A lot of Ghanains may be thinking that dusts raised by the Anas Exposé have all died down; but the reality is far from that…
Several of the legal practitioners who were suspended or dismissed following the exposition made by undercover investigative journalist, Anas Aremeyaw Anas in 2015 have refused to let their punishment go unavenged. Many of them have expressed their displeasure by challenging their indictment at the law courts as well as issuing counter charges against fellow judges.
We would recall that Justice Essel Mensah was one of the sacked judges who claimed that Anas exposé video was fabricated and also denied being involved in the corrupt practices he was accused of. Also, Justice Logo, Justice Paul Uter Dery, and a few others, have filed several lawsuits seeking to nullify all legal proceedings against them as well as prevent their possible dismissal.
Chief Justice Sued
One of the fresh issues following the Anas exposé is that of Justice Habib Logoh, one of the indicted High Court Judges who recently filed a suit against the Chief Justice, Theodora Georgina Wood. Justice Logoh has been filing suit upon suit after the corruption exposé, and this time; he cited Justice Wood for contempt of court.
In the suit which was filed Wednesday, February 1, Justice Mustapha Habib Logoh is questioning why the Chief Justice is going ahead to begin impeachment proceedings against him, when he has other suits pending in court in relation to his interdiction.
“I am also seeking a declaration that your conduct to proceed with the impeachment proceedings whilst there is a suit in the Supreme Court challenging your jurisdiction is contemptuous of the Supreme Court,” part of the writ reads.
In response to a January 30, 2017 letter seeking his response to a petition seeking his dismissal on stated misbehaviour, Justice Logoh said he has taken steps to repair his dented image following the Tiger Eye undercover investigations which revealed how judges traded justice for money and items.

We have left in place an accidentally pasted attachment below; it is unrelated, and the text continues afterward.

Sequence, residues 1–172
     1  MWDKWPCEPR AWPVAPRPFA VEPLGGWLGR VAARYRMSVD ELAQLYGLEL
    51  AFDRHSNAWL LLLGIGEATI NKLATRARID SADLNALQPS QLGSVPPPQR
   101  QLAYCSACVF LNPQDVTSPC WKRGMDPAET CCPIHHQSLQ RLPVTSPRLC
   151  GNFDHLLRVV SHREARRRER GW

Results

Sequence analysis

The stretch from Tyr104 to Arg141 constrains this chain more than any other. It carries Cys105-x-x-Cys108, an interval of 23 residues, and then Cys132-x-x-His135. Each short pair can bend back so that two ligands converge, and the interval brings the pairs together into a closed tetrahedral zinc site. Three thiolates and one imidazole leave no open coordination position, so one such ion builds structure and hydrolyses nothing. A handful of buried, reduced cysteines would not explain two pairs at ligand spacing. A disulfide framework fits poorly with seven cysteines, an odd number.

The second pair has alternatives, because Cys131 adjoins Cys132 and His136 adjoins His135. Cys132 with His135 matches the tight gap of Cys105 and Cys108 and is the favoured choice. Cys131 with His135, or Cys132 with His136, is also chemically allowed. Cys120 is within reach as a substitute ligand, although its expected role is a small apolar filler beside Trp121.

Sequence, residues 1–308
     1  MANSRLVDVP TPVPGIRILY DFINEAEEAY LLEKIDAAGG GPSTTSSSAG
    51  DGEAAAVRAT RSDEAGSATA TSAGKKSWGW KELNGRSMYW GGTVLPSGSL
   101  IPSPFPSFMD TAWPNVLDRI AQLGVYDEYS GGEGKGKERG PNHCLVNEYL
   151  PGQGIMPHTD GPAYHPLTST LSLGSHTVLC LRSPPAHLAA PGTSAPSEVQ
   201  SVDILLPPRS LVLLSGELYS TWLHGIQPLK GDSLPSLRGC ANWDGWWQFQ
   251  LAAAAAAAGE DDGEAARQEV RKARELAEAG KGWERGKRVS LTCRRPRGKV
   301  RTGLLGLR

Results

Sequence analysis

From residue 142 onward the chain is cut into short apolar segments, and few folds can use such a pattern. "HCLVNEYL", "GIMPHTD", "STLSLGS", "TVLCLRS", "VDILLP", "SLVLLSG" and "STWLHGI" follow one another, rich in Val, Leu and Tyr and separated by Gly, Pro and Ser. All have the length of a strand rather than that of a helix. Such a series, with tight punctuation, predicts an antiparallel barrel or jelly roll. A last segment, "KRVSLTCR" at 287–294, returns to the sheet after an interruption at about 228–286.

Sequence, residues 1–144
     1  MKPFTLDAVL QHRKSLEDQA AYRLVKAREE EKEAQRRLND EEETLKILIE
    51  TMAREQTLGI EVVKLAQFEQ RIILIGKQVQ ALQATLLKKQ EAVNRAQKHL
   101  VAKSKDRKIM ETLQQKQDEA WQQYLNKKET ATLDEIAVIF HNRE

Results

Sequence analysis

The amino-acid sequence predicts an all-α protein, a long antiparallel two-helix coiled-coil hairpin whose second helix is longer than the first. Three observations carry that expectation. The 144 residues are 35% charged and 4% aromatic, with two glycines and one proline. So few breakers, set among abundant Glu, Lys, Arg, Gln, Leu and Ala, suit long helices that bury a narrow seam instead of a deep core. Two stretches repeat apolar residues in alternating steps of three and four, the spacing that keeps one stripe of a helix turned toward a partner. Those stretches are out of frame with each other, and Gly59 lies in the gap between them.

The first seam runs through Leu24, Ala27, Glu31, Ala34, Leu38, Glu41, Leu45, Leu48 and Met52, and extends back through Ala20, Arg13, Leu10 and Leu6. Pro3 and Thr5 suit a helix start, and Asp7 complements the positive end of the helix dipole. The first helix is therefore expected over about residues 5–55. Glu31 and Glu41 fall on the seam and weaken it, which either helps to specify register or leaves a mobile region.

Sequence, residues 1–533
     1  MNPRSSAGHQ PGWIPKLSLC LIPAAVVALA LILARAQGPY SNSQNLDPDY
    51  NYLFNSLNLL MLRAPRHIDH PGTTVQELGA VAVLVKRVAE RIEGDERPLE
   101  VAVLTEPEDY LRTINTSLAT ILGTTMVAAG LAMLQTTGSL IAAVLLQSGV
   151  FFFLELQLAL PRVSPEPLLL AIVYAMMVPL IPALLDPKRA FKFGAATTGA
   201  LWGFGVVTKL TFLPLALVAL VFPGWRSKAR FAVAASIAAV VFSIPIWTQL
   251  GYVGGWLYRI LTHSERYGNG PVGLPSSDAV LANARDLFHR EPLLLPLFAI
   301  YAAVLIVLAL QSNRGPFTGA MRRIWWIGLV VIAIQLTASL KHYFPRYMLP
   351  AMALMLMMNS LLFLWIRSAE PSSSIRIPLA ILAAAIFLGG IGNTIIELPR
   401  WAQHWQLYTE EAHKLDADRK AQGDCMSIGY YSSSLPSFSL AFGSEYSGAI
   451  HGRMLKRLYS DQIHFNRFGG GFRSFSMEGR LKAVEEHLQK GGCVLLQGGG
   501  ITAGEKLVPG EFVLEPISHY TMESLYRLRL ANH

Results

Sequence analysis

The January 30 letter or petition is a follow up to a September 15, 2015 petition, in which Anas Aremeyaw Anas, who is head of the Tiger Eye PI, requested the dismissal of Justice Logoh for abusing his position.
Justice Logoh therefore maintains that the Chief Justice has no reason to commence proceedings for his dismissal since the cases in question are still pending in court.
The Anas Exposé
A video showing Judicial practitioners collecting bribes for different purposes was released by Journalist Anas Aremwyaw Anas in 2015. Anas who heads a private investigation agency ‘Tiger Eye Pi’ embarked on an intense undercover investigation to fish out the bad eggs adulterating the judicial system. Using undercover representatives from the agency; so many shocking revelations were made.
The revelation which has since been dubbed ‘Anas Exposé’ unraveled widespread corruption in the judiciary, leading to series of dismissals of judicial service staff. Aside lawyers, court registrars, interpreters, and a watchman were also included among the dismissed staff of the Judicial Service. Click here to get details of the Anas Exposé and to see a list of the sacked judges.
About Anas Aremeyaw
Anas Aremeyaw Anas is a private undercover anti corruption investigative journalist. Known for his motto: “Name, Shame and Jail”, Anas specialized in gathering hard core evidence of crime and corruption, making the perpetrators to face the law.
My definition and style for journalism is to name, shame and jail to save the country from the hands of unscrupulous persons, whose core aim is to rob the nation of what it deserves – Anas.
He is famous for utilizing his anonymity as a tool for delving into the most secret and dirty deals of those is positions of authority, as well as the ordinary people.
Very few people had seen his face until “unmasking” during a BBC interview in November 2015.
Anas who hinted that he is faced with 72 different lawsuits at a public lecture sometime last year, pointed out he cannot help breaching some journalism rules because of the type of journalism he is practising.
“The repositories of ethics may have their views but the Ghanaian society differs from theirs, therefore, the need for my style of journalism,” he said.
Anas has won more than 14 international awards for his investigative work. He was polled as the fifth most influential Ghanaian in 2011 by ETV. He was also named one of the “Most Influential Africans of the Year” by New African magazine in December 2014.